If someone were to ask me where I'm from, I would say El Salvador. My whole family lives over there, that's where I call home. But at the end of the day, I'm also American.
I went to (college) in Dallas. I went to SMU and graduated a finance degree, and then I decided to make that move to LA. I was a kid once that had a dream to be an actor, and I followed that dream. It's a testament to all Latinos. If you could dream it, you could do it. It's really special to be living the life I dreamed of having since I was a little kid. I think it's a great example for all Latinos out there that want to pursue a career, and nobody takes them seriously. Grab your balls and do it, anything's possible.
Are you happy that you didn't go the finance route, or could you see yourself working in the banking industry?
Absolutely not, I think education is very important. I wouldn't tell anybody not to get an education to pursue this career, because the odds and the chances of succeeding in this career are very slim. At least I went to school, and worst-case scenario I have something fall back on. Luckily I'm a little conscious and aware of my finances.
Do you handle your own finances, or do you have someone that does that for you?
Well, I handle my spending, but I have someone that does all my accounting, and stuff.
Wow, I don't know. Right now it's tough, with the gas going up, and all these issues, I'd probably put it under my mattress for the moment. (Laughs) I've always been a great believe in the apple stock.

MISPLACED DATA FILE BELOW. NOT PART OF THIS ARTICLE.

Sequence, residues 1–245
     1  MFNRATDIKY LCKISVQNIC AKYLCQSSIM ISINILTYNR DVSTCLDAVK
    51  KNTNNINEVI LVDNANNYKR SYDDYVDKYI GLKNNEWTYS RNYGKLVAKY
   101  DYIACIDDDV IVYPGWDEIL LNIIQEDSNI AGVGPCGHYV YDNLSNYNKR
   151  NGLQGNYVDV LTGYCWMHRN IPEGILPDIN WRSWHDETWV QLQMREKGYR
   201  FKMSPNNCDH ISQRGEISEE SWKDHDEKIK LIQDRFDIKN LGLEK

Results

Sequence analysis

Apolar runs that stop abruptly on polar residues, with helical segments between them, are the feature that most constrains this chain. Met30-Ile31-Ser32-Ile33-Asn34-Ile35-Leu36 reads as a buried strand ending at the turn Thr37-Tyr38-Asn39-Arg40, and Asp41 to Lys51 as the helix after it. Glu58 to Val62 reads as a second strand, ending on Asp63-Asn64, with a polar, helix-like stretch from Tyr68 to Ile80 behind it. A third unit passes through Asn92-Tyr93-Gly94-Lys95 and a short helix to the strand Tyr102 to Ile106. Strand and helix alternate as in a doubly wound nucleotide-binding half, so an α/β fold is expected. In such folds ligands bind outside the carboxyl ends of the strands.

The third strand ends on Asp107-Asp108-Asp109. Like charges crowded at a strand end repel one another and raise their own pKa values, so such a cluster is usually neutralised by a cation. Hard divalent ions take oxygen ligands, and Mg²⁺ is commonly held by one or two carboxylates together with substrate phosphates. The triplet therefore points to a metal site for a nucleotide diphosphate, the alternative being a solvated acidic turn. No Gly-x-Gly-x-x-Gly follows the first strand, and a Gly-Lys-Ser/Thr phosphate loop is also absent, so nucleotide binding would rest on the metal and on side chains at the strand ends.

Do you think the stock will drop if and when Steve Jobs has to step back?
It's really hard to say. That's kind of the word on the street; everyone's worried about what happens when he steps down, and his health situation. But it's going to be the first-ever trillion-dollar company I just read.
Sticking with computers, are you big on Twitter?
Yeah, you can look for me there under @BellaniSays. It's fairly new 'cause my first one was shut down, unfortunately. I don't why, or if somebody hacked into it and shut it down, but I lost all my followers. Now I'm slowly starting back up again.
Do you like the fact Twitter allows you interact with fans directly, or do you tend to use it more as a promotional tool, rather than a window into your life?
I use it both ways. If someone asks me a question, I'm more than happy to answer it. It's a great way to self promote, and to keep in touch, but I also do it to make fun of my friends, talk trash. If they get silly, I'm going to knock 'em down.
In 2006, People En Español named you one of the 25 hottest Latino bachelors in the word. Are you still a bachelor?
Am I still a bachelor? (Hesitation) Yeah. You know, I have somebody very close in my life, but I think I'm still a bachelor. Am I eligible? Maybe.
That'll make a lot of women happy. When's the next time we're going to see you in Miami?
I'm going to be there at the end of the month for the Latin Billboard awards, and we're having a launch on the 27th, I believe, for RPM Miami.